The Inner World of a Future Mental Health Counselor
Welcome, you are about to embark on a journey into my inner world. Along the way, you
will discover the following: (1) what in my background helps me to think through and identify
what is right and wrong, as well as what constitutes ethical professional behavior; (2) my ethical
decision-making style. My unique style of ethical decision making which reflects my early and
ongoing experiences with moral values and issues which has been influenced and shaped by my
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Like any little girl growing up in America, I grew up being influenced by culture and
societal forces to embrace strategies to bolster my self-esteem. Quite a number of these
strategies are of dubious worth, and others are actually dangerous and self-defeating.
There came a point in my life when it was crucially important for me to embrace the idea
that I am responsible for my own healing. Friends and family can surely provide support and
certainly be a remedy for the ache of a lonely heart; however, he cannot be the cure that will
erase past experiences that may have fostered feelings of doubt and inadequacy. Each of us has
areas of vulnerability, and to some level, we all nurse old hurts. I have grown to realize that I
was burdening myself with excessive expectations, which led me to feel disappointed and
resentful. Mistakes are a fact of life, and we develop as we learn from them. Learning from past
mistakes prevent repeated mistakes. Having such knowledge will not only help a person to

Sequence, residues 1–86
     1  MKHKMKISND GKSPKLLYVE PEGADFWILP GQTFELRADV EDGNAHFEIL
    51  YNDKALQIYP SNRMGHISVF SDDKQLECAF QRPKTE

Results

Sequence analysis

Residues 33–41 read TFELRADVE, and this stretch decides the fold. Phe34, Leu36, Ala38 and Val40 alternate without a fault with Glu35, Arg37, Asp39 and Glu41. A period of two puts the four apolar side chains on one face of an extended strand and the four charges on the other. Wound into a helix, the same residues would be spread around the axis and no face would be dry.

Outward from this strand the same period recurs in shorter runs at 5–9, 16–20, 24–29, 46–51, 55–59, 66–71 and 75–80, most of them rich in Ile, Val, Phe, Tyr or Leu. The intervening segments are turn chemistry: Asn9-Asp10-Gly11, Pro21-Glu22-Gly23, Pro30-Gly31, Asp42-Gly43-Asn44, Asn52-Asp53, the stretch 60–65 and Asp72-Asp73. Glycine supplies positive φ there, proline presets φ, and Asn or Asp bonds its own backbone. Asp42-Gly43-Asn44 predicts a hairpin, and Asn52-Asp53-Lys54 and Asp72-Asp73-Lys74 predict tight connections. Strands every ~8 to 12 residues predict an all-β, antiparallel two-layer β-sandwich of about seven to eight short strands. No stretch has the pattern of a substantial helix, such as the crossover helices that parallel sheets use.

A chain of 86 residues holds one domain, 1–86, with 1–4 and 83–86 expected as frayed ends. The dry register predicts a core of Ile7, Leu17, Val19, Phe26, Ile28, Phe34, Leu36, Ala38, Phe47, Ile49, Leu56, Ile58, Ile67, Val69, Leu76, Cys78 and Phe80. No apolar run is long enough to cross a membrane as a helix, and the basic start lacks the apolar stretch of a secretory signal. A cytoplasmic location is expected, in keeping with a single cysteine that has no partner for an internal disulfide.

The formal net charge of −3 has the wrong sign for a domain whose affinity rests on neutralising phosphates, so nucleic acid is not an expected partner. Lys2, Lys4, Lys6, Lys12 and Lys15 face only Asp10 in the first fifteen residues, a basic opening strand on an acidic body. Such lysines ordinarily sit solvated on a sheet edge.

develop into their fullest potentials and have a clearer prospective of, but may help guide another
person along the way, the journey will not have been in vain.
I believe that the clearer you are about what you value and believe in, the happier and more
effective you will be. The assumptions we make about ourselves, about others in the world and
about how we expect things to be – how we think things really are, what we think is really true
and what therefore expect as likely consequences that will follow from our behavior.
I have come to appreciate that many of the limitations one faces in life are self-imposed. What
you believe about yourself can keep you locked behind your fears or thrust you forward into
living your dreams. "We are what we think," taught Buddha. "Change your thinking, change
your life," said Ernest Holmes. "If you think you can, you can. If you think you can't, you're
right," advised Mark Twain. You become what you believe you are. I think of myself as a work
in progress. I often meditate and identify old limiting beliefs that may be holding me back and
get rid of them starting with the right mindset.
I believe that the elements of personality ethic, such as communication skills, influence
strategies, and positive thinking, will prove to be essential for my success as a counselor;
however these are secondary, not primary traits. Only basic goodness gives life to techniques. To
achieve great results, I focus first on myself – my deepest motives and perceptions – and then on
My unique style of ethical decision making